- The algorithm is initialized with a canopy containing each input point.
- During each iteration, every canopy calculates its mean shift vector by summing the canopy centers within its T1 threshold. This value is normalized and the resulting centroid becomes the new canopy center.
- The centers are weighted in proportion to their numbers of bound points (weighted pair-group centroid)
- If any canopies are within their T2 thresholds they are merged and their respective bound points are accumulated.
- The iterations complete when each canopy's mean shift vector has a magnitude less than a given termination delta.
- Upon termination, the remaining canopies contain sets of points which are the members of their cluster.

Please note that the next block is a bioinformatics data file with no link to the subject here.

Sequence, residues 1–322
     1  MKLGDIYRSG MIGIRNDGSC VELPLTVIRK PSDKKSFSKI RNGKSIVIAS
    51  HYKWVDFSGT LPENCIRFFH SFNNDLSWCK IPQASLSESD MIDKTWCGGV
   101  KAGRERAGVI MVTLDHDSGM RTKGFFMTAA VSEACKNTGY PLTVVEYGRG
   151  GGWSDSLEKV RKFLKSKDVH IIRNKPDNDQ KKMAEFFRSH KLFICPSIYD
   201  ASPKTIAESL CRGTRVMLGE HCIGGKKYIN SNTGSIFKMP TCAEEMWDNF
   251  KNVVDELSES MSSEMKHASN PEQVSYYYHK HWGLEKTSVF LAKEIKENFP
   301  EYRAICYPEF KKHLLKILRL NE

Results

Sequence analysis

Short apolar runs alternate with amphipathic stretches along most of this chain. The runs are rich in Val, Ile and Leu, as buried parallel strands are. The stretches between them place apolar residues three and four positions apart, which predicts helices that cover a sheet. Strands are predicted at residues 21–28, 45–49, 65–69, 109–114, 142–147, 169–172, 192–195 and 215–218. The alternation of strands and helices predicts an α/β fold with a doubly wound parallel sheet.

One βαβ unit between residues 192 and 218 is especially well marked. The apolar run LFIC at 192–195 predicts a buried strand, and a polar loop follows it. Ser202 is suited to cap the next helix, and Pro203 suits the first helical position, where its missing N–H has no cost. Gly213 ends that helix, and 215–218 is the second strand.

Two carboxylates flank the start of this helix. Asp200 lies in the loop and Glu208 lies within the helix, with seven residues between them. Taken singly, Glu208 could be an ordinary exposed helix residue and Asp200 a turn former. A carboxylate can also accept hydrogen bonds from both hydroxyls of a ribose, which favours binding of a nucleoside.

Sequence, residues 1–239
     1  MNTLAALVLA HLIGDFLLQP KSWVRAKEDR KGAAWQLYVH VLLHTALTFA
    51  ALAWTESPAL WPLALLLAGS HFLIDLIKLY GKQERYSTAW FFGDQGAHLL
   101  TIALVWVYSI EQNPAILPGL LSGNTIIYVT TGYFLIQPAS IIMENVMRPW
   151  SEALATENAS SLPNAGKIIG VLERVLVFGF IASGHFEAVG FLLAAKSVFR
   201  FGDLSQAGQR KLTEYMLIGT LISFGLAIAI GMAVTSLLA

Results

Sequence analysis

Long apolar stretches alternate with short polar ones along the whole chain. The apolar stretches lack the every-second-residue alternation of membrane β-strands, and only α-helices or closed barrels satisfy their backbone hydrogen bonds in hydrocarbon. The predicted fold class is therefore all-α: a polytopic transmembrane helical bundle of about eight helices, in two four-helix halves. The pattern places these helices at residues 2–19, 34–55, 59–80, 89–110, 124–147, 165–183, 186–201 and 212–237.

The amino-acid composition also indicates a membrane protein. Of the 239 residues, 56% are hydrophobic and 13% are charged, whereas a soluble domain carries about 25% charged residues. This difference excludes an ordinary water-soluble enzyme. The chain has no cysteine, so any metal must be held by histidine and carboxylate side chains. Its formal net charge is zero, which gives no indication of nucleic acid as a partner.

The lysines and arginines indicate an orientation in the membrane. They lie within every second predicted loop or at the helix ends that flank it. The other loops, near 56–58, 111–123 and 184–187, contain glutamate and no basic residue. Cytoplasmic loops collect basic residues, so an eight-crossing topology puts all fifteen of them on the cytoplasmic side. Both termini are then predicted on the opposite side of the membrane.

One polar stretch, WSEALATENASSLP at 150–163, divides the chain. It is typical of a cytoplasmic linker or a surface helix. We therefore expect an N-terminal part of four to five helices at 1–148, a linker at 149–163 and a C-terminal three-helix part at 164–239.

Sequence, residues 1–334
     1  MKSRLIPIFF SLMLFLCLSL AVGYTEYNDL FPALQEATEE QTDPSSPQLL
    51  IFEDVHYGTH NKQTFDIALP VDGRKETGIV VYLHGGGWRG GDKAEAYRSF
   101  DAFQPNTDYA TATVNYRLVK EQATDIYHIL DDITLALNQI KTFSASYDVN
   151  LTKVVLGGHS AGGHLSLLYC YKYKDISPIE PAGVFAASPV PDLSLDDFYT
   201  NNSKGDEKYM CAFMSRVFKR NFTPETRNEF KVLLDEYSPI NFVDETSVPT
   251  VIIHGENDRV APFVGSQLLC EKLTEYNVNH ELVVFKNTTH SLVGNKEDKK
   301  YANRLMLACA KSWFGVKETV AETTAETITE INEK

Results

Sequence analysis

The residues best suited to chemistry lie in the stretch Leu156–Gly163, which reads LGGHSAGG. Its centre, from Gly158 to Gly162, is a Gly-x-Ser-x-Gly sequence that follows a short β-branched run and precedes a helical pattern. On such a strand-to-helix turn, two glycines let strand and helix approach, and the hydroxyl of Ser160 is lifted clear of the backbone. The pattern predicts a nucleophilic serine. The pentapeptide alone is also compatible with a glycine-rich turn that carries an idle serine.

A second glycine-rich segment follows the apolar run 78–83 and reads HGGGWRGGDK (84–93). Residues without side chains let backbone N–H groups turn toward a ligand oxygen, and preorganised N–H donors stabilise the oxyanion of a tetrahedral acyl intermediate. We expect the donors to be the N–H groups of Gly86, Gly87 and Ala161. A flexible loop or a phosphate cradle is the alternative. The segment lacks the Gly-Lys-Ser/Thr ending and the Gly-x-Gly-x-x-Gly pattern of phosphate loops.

- Each mapper receives a subset of the canopies for each iteration. It compares each canopy with each one it has already seen and performs the T1 and T2 distance tests using an arbitrary user-supplied DistanceMeasure. The mapper merges canopies within T2 distance, moves each canopy to its new centroid position and outputs the canopy to the reducer with a constant key
- A single reducer coalesces all the canopies from the combiners by performing another clustering iteration on them.
- A driver class manages the iteration and determines when either a maximum number of iterations occur or the termination criteria is reached.
Running Mean Shift Clustering
The Mean Shift clustering algorithm may be run using a command-line invocation on MeanShiftCanopyDriver.main or by making a Java call to MeanShiftCanopyDriver.run().
Invocation using the command line takes the form:
Invocation using Java involves supplying the following arguments: